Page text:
Today what are my theories? Gosh I don’t know. Maybe it is simply that it is a common situation that you have encountered before and your brain gets tricked and misfires and writes memory in the same place it is reading it and so you feel like you know what’s coming, like listening to a reverse echo sound effect – you can’t quite make it out but when it arrives it sounds like it was always coming.
I just made that one up for you HeyLady33, that’s how I roll.
June 4, 2010
Shatter my ego in front of everyone I know and love. Actually that’s a bit past annoying and on into terrifying.
Let’s go with constantly doubt and second guess everything I say and play Devil’s Advocate whenever I complain about something.
May 4, 2010
Oathbreaker, who are you, really?
I once wrote a rather exhaustive, yet tantalizingly light retrospective on my various "screen names" and what they meant to me. You can find it here: http://humanfailmachine.blogspot.com/2009/10/ice-cream-assassin.html
I’m curious if my answer now changes from then. Oathbreaker to me is a character, he is a mode of being that I can fall into for online games and those rare moments when defining yourself in egoic terms is useful. Oathbreaker is a person who does right, by his reckoning, with or against the rules of society. He is haunted by a past shame that is also that which allows him to follow his contrary course. I see him as a free man in an age of thralls and lords.
Of course, when ti comes to twitter and other things, it’s just a convenient way to hide my real name from the intertubes and still have a recognizable moniker for those who know me.
Read my other blog post for a FULL accounting of the history of my "screen names" and other aggrandized back stories.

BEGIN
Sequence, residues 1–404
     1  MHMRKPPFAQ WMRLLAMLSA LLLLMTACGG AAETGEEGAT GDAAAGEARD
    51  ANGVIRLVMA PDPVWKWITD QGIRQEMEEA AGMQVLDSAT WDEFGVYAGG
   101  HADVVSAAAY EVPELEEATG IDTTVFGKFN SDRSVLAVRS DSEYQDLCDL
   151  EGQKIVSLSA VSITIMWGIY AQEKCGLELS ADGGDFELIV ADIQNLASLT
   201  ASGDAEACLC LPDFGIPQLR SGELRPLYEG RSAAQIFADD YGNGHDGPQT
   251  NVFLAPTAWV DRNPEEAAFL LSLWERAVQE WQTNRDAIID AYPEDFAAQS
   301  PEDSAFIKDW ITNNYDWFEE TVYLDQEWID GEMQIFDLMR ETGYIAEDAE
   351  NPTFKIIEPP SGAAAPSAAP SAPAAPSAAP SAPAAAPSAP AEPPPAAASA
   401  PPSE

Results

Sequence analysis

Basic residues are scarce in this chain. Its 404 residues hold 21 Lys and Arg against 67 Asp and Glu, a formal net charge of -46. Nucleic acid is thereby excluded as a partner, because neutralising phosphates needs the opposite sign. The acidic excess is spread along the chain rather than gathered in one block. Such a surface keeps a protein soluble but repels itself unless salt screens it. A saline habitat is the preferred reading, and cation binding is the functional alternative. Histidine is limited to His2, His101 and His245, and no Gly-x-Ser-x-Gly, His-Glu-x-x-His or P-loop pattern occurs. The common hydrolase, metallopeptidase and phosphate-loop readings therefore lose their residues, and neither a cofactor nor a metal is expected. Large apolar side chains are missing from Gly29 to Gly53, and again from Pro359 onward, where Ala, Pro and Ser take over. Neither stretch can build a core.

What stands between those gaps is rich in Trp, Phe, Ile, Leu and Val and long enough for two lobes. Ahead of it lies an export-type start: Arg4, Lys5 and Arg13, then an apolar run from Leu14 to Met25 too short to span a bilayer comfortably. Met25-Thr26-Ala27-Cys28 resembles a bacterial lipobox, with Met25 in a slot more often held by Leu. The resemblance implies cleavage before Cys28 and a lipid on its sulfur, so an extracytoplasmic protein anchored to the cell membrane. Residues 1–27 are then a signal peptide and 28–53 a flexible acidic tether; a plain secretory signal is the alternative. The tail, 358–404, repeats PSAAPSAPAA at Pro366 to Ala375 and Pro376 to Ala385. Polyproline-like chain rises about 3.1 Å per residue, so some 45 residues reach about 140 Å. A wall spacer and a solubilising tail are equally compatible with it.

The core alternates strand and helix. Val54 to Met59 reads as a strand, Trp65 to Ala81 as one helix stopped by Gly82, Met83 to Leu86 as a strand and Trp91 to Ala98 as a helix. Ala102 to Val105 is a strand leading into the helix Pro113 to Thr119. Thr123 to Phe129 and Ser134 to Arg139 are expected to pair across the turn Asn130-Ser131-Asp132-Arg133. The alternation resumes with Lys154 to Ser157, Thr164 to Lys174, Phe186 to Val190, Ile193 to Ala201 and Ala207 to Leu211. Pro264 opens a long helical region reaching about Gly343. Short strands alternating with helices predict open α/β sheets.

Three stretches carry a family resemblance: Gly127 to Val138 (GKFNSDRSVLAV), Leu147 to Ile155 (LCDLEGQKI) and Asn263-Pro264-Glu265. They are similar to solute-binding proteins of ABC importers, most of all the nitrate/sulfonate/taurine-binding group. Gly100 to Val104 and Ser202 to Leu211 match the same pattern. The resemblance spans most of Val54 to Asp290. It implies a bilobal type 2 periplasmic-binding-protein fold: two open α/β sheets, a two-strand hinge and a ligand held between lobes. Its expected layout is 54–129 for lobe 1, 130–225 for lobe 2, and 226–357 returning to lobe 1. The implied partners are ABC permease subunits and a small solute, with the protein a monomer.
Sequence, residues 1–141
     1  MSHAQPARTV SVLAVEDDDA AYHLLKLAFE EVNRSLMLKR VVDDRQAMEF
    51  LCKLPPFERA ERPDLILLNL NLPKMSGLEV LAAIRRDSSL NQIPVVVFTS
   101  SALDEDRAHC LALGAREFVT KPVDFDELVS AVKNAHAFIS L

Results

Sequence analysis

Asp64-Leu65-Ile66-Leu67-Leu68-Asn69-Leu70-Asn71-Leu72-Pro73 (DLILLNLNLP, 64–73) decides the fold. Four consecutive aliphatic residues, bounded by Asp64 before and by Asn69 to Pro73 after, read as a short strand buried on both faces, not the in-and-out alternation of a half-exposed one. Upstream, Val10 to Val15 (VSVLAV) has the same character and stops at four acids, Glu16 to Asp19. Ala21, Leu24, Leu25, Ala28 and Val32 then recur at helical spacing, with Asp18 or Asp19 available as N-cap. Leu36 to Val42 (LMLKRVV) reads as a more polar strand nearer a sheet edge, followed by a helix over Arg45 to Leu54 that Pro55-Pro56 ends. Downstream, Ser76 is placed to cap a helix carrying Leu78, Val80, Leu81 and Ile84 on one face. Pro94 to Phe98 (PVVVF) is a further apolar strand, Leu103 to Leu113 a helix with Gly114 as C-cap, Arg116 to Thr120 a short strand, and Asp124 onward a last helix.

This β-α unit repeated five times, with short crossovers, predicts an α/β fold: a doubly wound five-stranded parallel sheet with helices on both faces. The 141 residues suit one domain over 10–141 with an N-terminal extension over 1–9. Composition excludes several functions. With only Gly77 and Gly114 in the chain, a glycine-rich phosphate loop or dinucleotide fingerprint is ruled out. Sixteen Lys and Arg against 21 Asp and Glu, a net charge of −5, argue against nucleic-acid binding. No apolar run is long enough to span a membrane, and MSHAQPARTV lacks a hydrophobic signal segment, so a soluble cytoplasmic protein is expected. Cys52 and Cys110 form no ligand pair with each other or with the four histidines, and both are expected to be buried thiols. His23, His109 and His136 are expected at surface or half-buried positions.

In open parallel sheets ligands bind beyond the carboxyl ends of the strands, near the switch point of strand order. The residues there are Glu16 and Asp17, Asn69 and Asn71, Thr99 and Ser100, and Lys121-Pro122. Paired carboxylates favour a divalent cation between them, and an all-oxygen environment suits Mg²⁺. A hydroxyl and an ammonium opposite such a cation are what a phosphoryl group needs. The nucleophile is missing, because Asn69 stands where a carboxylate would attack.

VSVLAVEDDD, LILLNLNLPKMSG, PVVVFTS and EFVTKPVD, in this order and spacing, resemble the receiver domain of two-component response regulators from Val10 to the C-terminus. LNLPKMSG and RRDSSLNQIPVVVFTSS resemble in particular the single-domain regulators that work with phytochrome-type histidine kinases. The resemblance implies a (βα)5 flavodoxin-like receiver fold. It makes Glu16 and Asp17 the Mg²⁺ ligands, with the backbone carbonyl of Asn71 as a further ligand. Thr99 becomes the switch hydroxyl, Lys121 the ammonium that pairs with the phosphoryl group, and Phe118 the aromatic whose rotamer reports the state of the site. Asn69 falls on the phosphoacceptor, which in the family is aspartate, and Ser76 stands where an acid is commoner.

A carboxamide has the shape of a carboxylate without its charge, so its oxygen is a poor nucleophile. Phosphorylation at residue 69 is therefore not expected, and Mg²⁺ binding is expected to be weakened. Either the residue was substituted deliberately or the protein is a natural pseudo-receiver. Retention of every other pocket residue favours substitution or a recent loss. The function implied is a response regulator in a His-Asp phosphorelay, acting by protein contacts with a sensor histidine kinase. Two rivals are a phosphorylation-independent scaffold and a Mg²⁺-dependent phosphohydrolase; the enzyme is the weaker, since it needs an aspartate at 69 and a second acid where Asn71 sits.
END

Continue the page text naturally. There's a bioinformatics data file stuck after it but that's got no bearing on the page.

April 26, 2010
When I was a teenager in (I don’t recall exact years so this is a guess) Gr. 9 and 10 (maybe) my friends and I used to do two things. Before school, at lunch, and after school we would bat some tennis balls around the dilapidated tennis courts. We were terrible and we spent as much time hacking through the brambles and bushes on the other side of the fence as we did actually volleying, but it was loads of fun. The other thing we used to do, and we did it most of our childhood together to various amounts (once I moved to the same neighbourhood as them I got to do it a lot more) was play street hockey. Throughout University and while working up in Orillia I joined rec league floor hockey teams and killed myself pounding floorboards and being generally terrible at it, but I haven’t played it since. Partly because Ice Hockey is much more popular and I never learned to skate growing up on the West Coast (no natural ice might have contributed) and partly because of low faith in my physical ability to keep up and my expectation that my peers would expect more actual hockey knowledge from someone my age. The fact is I always found it loads of fun but I didn’t really watch it much or care to learn subtleties of the game for mostly 1-on-1 driveway matches or the occasional 5-on-5 with 2 subs neighbourhood game.